Ryan Russell, an NFL veteran who has previously played for the Dallas Cowboys and the Tampa Bay Buccaneers, came out as bisexual earlier today in a powerful essay for ESPN. Russell opens up about his childhood as a young Black boy forced to split himself into columns: one side straight and the other, gay, which followed him into adulthood and his professional life.
Photo of Russell and his boyfriend serves as the cover shot for many outlets. And on so many levels, I celebrate folx being able to fully embrace who they are, layer by layer. Yet when it came to Ryan, there were a few points of dialogue amongst my circles. Thoughts were not so much centered around his sexuality or his coming out, so much as his expressed partner is a white man.
Conversation swelled around the apparent consistent thread that public-facing Black LGBTQ more often than not are with non-Black partners. The dialogue looked at points like 1. Black people think the have arrived with a white mate 2. Self-hate is usually at the root of these interracial relationships. 3. What message does it send for Black queer people only to have strong, open relationships with non-Black partners.
Personally, I will say the impact it has to see only see representation of yourself partnered with persons who do not look like yourself—the reflexive eye roll, the audible sigh, the instant aversion. Yet in that moment too, personally, I had to look deeper.
With that, I think Black and Black SGL (same gender loving) communities could benefit greatly from some conversations on healthy relationships among Black gay men. Initially, I was upset, frustrated and disappointed about yet again another Black SGL man finding himself in the arms of a non-Black man. But then I thought about the challenge it is for many Black SGL men to embrace vulnerability. Famed research professor and social worker Dr. Brene Brown in her book Daring Greatly: How the Courage to Be Vulnerable Transforms the Way We Live, Love, Parent, and Lead, defines vulnerability as “uncertainty, risk and emotional exposure.” This principle along impacts all our relationships with each other: as friends, as partners, as colleagues, even with God.
How many times has a Black gay man found out his fellow project associate or new boss or co-presenter is a Black gay man and had an instinctive, “Ooh, girl” without even meeting him? Of course, there is the social experience. Walking into a bar or day party or brunch or nightclub for the first time, overcome with sizing up and the comparing and the cliquing up. Of course, everybody has their shade, but ain’t no shade like Black gay shade.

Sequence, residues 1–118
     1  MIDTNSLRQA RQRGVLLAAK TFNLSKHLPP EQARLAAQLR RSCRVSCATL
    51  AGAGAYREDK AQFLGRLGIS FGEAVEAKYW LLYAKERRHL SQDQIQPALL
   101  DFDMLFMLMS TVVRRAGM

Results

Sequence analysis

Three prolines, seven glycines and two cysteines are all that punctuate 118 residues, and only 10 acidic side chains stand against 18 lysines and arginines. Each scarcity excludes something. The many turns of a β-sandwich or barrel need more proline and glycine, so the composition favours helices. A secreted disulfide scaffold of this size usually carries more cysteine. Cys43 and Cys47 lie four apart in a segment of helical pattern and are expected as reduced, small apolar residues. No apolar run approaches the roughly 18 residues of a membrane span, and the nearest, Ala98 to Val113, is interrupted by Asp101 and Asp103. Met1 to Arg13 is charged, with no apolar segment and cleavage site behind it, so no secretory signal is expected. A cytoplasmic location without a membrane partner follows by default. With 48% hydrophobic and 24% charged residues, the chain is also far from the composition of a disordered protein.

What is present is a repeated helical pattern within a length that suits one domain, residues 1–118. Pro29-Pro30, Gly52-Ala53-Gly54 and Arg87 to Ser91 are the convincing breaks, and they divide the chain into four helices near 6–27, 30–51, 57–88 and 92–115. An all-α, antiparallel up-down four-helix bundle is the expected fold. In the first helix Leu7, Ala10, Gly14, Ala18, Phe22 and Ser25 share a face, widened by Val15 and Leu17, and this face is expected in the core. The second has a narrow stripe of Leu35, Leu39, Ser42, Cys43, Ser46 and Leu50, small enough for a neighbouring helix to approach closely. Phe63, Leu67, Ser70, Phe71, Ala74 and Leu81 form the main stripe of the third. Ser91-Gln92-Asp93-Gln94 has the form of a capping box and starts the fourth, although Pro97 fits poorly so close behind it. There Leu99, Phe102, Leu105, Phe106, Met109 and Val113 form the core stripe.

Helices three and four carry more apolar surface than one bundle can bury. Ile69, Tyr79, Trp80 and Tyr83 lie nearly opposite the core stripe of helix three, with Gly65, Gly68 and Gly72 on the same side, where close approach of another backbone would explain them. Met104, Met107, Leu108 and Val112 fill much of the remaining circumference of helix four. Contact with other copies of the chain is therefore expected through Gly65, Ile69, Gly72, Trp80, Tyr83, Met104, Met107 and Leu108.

I think about some of the vulnerable experiences I have had. It’s generally non-Black men who walk directly up to me and say hello, introduce themselves, and say, “I think you’re attractive and I’d like to get to know you.” Its my fellow Brothas who eye you up and down across the room, walk past you multiple times, waiting for me to initiate, or DM me said interest later that night or the next day.
I think that frames how we create and sustain healthy relationships, like the concept of telling another man “I love you” first or even returning the gesture or crying in front of your fellow Black man or saying I feel lonely or scared or inadequate. There are so few spaces that exist for us by us for those moments and arguably even fewer on a one-on-one basis.
And in cyclical form, we perpetuate beliefs and identities of hypermasculinity and venerate these ideals creating an antithesis to the culture of vulnerability. We idealize trade, we throw snappy quips at Black men who explore fashion choices and other forms of expressions, we bottom-shame. And so goes the cycle of unhealthy spaces and relationships for Black SGL men amongst Black SGL men.
And so, what so often happens? Many Black SGL people find respite outside of we ourselves, i.e. in the arms of non-Black men.
We so often underestimate the power in belonging. From fraternities to gangs, people just want to belong, and when we think about how few spaces exist for Black gay men to be as Black gay men and the impact it has to not belong amongst one’s very own community.
I say oftentimes people just need permission to be human. From gender norms to nonbinary expression, we as Black people (not just Black SGL people) should aim to create and sustain affirming spaces for each other. If it’s wearing nail polish to watching Sailor Moon to twerking to Big Ole Freak, we are whole people who deserve to be live and express wholly as full people.
I think instead of attacking individuals, we should look at what are we doing as Black SGL men personally and collectively to create a culture for healthy relationships? And what does shifting the culture look like? It begins by recognizing the humanity one another. Smile, say hello, create a space of acceptance. We show ourselves in a full spectrum of expression. Some of us wear Timbaland boots, some 28 inches, some a fitted tee, some fishnet stockings. Some all at once (clears throat). But that does not make any of us less a part of the community. I get it, everything is not for everybody, but we cannot allow ourselves to create hierarchies and volatile spaces in the very place where we are supposed to belong—amongst we ourselves.
Everything is not Black or white. Sometimes it’s just Black.